Tuesday, April 14, 2009

Sharps: Camillus MIL-K-818D

There is, by the way, an American-made alternative to the Victorinox knives I described in yesterday's post. It's worth talking about, even though it's no longer in production and the company that made it for over six decades is gone.

The Camillus Model 1760 "Demo" pocketknife, manufactured to U.S. Government Spec MIL-K-818D, first appeared in the mid-1940s and was issued to countless military personnel from World War II through Vietnam and beyond. An identical consumer version was advertised in the New York-based knifemaker's catalog beginning in 1946. And the Model 1760 was still there in 2006, the last Camillus catalog before the 134-year-old company collapsed into bankruptcy in 2007.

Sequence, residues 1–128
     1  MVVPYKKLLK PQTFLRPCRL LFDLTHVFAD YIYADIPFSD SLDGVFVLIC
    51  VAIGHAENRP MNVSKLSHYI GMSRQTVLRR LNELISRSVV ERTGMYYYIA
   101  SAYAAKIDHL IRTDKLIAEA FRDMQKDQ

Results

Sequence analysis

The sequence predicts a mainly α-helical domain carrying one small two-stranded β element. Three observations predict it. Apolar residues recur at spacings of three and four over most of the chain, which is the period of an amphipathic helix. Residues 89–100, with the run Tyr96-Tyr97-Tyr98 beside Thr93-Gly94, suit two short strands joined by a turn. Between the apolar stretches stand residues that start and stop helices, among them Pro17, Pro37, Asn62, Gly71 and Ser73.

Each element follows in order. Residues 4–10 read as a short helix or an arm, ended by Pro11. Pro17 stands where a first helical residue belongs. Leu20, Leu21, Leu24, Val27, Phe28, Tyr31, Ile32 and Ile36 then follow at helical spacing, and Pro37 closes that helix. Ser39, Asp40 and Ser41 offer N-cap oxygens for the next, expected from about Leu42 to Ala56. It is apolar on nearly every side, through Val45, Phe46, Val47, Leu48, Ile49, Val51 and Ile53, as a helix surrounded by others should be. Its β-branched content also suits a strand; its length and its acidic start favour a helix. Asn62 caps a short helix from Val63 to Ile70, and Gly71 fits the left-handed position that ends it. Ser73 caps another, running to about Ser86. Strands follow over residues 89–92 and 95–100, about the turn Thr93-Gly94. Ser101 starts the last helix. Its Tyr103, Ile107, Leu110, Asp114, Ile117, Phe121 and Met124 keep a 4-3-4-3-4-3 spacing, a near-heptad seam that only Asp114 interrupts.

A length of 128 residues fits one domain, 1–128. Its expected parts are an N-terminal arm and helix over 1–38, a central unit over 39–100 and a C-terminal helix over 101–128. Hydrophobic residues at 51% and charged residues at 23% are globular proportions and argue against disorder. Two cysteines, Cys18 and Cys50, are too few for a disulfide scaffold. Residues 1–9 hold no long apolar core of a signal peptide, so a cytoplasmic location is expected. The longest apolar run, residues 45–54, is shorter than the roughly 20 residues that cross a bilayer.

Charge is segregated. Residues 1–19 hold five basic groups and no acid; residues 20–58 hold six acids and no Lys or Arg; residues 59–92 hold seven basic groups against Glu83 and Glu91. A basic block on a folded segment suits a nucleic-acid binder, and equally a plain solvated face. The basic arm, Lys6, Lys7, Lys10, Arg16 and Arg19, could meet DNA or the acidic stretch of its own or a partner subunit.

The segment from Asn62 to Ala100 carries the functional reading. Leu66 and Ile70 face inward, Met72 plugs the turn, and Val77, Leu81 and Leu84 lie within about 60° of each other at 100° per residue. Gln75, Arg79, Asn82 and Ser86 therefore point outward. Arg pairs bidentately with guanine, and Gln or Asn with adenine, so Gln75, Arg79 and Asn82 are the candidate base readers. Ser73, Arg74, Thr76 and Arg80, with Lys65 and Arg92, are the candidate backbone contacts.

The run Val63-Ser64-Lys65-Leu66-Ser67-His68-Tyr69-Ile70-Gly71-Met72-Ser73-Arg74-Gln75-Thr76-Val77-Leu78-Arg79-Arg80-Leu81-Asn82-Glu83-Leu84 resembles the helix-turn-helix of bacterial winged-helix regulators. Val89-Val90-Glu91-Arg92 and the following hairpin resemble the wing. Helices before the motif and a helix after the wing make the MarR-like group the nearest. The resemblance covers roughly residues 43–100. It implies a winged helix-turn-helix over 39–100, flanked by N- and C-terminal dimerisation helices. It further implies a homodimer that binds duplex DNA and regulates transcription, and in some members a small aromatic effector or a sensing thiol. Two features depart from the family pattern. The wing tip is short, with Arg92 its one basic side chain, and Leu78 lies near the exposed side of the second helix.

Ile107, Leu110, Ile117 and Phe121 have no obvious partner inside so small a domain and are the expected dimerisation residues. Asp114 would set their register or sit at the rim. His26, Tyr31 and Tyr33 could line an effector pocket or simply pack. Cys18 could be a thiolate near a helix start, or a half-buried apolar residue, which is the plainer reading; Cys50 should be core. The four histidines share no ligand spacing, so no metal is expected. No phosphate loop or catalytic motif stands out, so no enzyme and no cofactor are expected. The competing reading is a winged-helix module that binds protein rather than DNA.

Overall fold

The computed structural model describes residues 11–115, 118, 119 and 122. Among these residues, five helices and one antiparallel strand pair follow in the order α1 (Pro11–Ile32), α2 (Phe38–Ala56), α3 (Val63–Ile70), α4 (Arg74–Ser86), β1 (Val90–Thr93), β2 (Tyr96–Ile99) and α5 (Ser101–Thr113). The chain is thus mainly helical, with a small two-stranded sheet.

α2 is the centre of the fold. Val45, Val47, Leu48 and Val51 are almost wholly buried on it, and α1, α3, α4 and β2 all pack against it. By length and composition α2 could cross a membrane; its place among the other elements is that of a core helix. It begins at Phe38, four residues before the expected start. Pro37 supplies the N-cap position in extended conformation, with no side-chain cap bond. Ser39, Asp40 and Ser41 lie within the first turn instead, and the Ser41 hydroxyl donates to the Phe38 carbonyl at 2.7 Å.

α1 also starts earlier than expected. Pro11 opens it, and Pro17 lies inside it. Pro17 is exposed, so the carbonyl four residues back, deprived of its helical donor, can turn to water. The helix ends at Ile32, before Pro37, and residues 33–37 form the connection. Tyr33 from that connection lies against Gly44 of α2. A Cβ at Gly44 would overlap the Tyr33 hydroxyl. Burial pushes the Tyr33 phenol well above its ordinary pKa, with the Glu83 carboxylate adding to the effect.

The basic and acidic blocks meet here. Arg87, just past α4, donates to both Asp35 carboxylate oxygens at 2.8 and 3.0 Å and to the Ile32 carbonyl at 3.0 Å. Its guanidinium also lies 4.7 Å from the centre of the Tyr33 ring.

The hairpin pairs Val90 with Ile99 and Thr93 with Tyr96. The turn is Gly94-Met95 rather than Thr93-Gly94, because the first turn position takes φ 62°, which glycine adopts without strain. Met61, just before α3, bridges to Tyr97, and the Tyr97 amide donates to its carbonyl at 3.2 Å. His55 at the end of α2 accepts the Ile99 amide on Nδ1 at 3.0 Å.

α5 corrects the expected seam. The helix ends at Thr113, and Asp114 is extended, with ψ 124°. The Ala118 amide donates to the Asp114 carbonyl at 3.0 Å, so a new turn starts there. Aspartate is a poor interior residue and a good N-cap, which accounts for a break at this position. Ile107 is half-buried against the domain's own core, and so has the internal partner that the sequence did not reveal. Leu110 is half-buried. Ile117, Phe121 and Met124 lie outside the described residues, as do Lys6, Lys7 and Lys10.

One of these inelegant all-steel knives, minted in 1988, lives in a survival pouch within my primary go-kit. While it may lose a beauty pageant to the old-design Victorinox Soldier, the Camillus is just as bulletproof -- and maybe more so.

A quick search of
eBay just now uncovered at least a dozen such Camillus mil-spec pocketknives, even a few brand-new ones, ranging in price from $15 to $40. (I ignored one delusional listing for a well-used Camillus Demo, allegedly dated 1960, priced at $240. The seller noted no particular provenance. Sheesh.)

When a Swiss-made Soldier can be had new-in-box for 20 bucks, it might be difficult to justify paying twice the price for a comparable pocketknife made by a defunct American company.

On the other hand, it might not. Buyer's choice.

Earlier posts
Sharps: A modern-day Soldier
Sharps: Rite of passage
Sharps, Part I: In the pocket

The Demo Knife

The federal government's NSN (National Stock Number) for the Camillus Model 1760 is 5110-00-162-2205.